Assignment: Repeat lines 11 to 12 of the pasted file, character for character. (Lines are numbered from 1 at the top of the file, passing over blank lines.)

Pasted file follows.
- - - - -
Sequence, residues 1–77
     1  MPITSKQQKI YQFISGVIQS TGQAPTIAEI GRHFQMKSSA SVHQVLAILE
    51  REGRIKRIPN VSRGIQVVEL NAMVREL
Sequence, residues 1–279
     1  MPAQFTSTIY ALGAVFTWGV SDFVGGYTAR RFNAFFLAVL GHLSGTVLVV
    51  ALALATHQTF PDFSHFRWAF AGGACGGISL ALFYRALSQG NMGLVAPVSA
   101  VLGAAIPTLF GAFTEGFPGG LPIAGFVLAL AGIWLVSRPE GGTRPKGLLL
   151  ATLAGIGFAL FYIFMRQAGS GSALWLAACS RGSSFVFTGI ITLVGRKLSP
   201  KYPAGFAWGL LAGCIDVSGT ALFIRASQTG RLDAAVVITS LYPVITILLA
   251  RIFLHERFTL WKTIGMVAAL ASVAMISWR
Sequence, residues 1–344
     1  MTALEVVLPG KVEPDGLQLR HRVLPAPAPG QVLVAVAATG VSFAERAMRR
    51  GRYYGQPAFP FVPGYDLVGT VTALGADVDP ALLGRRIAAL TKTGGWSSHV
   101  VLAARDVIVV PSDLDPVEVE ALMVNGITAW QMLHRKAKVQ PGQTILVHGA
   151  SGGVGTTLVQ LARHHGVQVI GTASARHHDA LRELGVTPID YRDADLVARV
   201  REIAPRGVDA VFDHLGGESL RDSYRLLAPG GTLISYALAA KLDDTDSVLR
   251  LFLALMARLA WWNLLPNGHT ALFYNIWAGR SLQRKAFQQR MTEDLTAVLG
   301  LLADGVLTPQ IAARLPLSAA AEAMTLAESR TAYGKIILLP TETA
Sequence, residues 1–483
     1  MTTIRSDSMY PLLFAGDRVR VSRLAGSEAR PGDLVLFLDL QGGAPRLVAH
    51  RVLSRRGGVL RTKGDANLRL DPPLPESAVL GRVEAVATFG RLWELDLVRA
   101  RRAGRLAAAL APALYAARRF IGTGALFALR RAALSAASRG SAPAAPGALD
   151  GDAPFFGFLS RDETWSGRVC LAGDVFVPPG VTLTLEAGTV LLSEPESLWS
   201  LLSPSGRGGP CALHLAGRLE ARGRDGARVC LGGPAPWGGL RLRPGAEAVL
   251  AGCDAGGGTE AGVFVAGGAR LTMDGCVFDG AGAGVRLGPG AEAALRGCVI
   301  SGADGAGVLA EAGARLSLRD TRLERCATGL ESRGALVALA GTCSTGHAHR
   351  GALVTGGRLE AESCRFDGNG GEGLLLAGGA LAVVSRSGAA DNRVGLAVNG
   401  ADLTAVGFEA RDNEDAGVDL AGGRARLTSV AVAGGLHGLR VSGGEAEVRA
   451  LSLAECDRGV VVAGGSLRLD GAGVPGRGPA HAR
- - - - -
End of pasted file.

Sequence, residues 1–344
     1  MTALEVVLPG KVEPDGLQLR HRVLPAPAPG QVLVAVAATG VSFAERAMRR